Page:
Cover image for The Patient Self-Determination Act : meeting the challenges in patient care
The Patient Self-Determination Act : meeting the challenges in patient care
Ulrich, Lawrence P.
Personal Author:
Publication Information:
Washington, D.C. : Georgetown University Press, [1999]

Physical Description:
xii, 351 pages ; 24 cm.

Format :


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R726 .U39 1999 Adult Non-Fiction Central Closed Stacks

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The Patient Self-Determination Act of 1990 required medical facilities to provide patients with written notification of their right to refuse or consent to medical treatment. Using the act as an important vehicle for improving the health care decision-making process, Lawrence P. Ulrich explains the act's social, legal, and ethical background by focusing on well-known cases such as those of Karen Quinlan and Nancy Cruzan, and he explores ways in which physicians and other caregivers can help patients face the complex issues in contemporary health care practices.According to Ulrich, health care facilities often address the letter of the law in a merely perfunctory way, even though the act integrates all the major ethical issues in health care today. Ulrich argues that well-designed conversations between clinicians and patients or their surrogates will not only assist in preserving patient dignity -- which is at the heart of the act -- but will also help institutions to manage the liability issues that it may have introduced. He particularly emphasizes developing effective advance directives. Ulrich examines related issues, such as the negative effect of managed care on patient self-determination, and concludes with a seldom-discussed issue: the importance of being a responsible patient.Showing how the Patient Self-Determination Act can be a linchpin of more meaningful and effective communication between patient and caregiver, this book provides concrete guidance to health care professionals, medical ethicists, and patient-rights advocates.

Author Notes

Lawrence P. Ulrich, a professor of philosophy at the University of Dayton, serves as an ethics consultant for a number of medical institutions.

Reviews 1

Choice Review

Bioethicist Ulrich (Univ. of Dayton) analyzes the Patient Self Determination Act of 1990 from the perspective of an ethicist who asserts the existence of principles named autonomy, beneficence, justice, and paternalism (which are believed to govern the health provider's decisions) and the existence of asserted virtues: exercising autonomy, being informed, being assertive, being communicative, and taking risks (which are believed to govern the patient's decisions). Virtues are defined as character traits or habits that individuals choose in order to accomplish the goals they have set for themselves. Patients, the author argues, are obliged to be responsible persons who take the initiative to set goals, choose paths to achieve those goals, and choose the virtues necessary to accomplishing them. These virtues or goals, then, determine what the patient decides about whether or when to refuse treatment--viewed as the major issue addressed by the Act. The assumption is made that health care professionals will, all things being equal, otherwise choose to give treatment whenever treatment is available. The cultural background to the Act is extensively explored, the earlier established right to informed consent being seen as the foundation of the 1990 Act. All levels. J. E. Allen; University of North Carolina at Chapel Hill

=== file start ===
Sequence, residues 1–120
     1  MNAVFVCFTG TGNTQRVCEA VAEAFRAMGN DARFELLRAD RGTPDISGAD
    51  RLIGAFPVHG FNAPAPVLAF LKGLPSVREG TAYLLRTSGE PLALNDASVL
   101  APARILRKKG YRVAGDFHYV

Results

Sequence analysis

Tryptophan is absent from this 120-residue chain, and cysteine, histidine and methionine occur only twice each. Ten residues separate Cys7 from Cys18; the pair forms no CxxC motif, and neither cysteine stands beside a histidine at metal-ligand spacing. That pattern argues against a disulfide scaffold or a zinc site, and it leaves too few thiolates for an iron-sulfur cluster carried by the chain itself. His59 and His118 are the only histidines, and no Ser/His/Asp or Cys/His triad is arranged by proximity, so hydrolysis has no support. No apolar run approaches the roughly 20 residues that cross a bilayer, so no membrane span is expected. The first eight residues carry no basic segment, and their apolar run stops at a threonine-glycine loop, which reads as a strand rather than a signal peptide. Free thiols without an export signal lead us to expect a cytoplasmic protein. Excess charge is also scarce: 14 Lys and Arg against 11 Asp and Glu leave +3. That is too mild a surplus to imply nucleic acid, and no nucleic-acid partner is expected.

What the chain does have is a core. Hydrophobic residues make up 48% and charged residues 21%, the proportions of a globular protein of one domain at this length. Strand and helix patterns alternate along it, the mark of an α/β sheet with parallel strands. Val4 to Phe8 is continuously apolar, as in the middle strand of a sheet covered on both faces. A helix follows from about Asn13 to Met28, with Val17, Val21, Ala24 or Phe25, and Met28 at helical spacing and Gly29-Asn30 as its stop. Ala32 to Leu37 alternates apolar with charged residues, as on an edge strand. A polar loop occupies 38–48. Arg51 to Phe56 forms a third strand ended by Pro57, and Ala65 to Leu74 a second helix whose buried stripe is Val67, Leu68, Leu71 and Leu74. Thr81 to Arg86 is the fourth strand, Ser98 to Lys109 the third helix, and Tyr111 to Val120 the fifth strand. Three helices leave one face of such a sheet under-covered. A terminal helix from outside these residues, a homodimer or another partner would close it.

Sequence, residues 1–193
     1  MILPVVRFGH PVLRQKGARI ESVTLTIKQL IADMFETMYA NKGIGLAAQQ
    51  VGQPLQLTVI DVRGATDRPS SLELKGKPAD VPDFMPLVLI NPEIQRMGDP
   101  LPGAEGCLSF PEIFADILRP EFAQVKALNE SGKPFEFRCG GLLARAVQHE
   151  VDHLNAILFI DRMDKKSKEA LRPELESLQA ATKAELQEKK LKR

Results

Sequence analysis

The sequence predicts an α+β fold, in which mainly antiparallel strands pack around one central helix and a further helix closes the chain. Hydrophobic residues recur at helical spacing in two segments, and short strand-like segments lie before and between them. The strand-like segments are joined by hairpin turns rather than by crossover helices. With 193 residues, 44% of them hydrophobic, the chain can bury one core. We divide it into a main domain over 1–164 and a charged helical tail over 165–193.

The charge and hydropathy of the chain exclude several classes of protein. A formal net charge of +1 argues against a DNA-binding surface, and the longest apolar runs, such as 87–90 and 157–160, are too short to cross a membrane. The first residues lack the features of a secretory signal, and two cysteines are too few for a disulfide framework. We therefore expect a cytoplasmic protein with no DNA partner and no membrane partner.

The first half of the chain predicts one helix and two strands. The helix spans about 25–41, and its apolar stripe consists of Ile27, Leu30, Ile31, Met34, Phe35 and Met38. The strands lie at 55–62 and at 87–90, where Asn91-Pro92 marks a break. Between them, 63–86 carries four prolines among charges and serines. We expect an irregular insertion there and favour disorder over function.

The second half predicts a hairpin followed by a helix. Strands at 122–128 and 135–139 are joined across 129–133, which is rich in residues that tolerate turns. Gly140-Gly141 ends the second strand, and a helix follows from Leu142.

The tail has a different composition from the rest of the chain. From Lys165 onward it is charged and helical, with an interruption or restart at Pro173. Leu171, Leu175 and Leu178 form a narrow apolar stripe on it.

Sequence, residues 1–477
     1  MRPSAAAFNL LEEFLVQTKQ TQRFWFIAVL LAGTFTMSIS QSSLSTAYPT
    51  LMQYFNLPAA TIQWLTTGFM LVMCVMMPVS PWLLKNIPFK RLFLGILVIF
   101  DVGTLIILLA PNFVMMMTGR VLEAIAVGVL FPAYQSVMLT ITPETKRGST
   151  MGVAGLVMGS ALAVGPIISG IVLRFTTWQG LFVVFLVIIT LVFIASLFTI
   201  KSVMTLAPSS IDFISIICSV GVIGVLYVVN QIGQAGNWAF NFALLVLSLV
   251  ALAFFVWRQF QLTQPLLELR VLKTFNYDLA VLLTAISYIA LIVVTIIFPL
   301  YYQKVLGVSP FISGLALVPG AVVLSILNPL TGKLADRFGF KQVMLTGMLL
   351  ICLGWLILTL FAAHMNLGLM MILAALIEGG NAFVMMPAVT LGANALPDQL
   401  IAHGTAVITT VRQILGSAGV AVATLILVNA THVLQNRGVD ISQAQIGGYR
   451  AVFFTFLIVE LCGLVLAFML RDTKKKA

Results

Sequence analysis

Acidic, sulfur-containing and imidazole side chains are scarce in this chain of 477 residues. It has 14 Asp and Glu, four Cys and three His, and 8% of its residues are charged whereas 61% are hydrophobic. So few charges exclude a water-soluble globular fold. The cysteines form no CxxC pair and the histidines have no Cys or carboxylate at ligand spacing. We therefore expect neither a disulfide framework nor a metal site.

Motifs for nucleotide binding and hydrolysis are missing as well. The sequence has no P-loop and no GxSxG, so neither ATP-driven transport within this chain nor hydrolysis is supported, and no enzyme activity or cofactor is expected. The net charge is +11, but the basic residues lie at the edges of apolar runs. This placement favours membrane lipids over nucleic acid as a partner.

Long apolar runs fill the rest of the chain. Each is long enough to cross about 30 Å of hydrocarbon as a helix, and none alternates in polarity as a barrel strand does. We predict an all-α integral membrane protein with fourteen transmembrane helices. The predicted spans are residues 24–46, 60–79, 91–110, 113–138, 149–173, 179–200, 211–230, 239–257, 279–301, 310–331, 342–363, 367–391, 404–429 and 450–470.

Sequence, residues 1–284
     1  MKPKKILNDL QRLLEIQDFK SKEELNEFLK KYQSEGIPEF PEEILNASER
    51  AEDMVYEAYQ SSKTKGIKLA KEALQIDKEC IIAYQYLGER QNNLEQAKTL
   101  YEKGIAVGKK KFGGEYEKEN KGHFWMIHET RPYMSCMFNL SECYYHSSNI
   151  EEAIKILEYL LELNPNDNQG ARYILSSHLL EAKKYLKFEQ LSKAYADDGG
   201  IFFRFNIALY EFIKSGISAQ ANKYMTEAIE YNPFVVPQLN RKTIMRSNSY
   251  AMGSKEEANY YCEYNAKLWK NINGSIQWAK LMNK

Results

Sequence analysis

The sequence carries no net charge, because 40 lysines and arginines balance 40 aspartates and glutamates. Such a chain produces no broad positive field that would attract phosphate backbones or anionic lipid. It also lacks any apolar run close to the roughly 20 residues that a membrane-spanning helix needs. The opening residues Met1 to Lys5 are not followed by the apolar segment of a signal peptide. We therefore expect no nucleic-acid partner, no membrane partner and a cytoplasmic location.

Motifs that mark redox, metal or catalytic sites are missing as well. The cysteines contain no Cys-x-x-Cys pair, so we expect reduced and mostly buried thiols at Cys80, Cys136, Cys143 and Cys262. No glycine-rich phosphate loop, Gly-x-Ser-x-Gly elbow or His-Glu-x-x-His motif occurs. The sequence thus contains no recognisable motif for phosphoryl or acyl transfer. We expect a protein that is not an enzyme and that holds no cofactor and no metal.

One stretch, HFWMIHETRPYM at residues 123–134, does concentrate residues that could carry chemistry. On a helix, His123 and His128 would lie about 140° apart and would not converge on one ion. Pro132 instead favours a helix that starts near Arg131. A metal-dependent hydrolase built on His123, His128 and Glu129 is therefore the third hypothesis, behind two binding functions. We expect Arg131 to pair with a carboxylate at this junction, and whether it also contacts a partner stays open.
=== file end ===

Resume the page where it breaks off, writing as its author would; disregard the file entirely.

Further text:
Table of Contents

1 The Requirements of the Patient Self-Determination Act
The Explicit Demands of the Law
The Spirit of the Law
2 The Legal Background of the Patient Self-Determination Act
Ethics and the Law
The Case of Karen Ann Quinlan
The Case of William Bartling
The Case of Paul Brophy
THe Case of Nancy Cruzan
General Implications
3 The Social and Technological Background for the Patient Self-Determination Act
The Expectations of Healthcare
The Physician-Patient Relationship
The Technological Pressures on Healthcare Delivery
The Difficulty of Limiting Technology in Healthcare
Healthcare Costs and the Demands of Justice
4 The Human Context of the Patient Self-Determination Act
The Recognition of Human Finitude
The Asseriotn of Personal Dignity
The Role of the Virtues in Conducting the Moral Life
5 The Institutional Context of the Patient Self-Determination Act
The Social Obligations of Institutions
The Mission of the Institution
Healthcare Institutions as Center of Education
6 The Ethical Foundations of the Patient Self-Determination Act
The Supporting Principles of Bioethics
The Role of the Virtues in Clinical Decisions
Informed Consent
Decisional Capacity
The Right to Refuse Treatment
Demands for Treatment
Clinical Futility
An Integration of Ethical Issues
7 Advance Directives
The Nature of Advance Directives
The Social Justification for Advance Directives
General Problems with Advance Directives
Advantages and Disadvantages of Advance Directives
Writing an Advance Directive
Content of Advance Directives
Assistance in Writing Advance Directives
8 The Roles of Healthcare Professionals
Preparing the Professional
The Role of the Physician
The Role of Social Services and Chaplaincy
The Role of Nursing
9 The Role of the Responsible Patient
Setting the Stage
The Moral Responsibility for Making Decisions
Developing a Life of Virtue
Essential Virtues of the Responsible Patient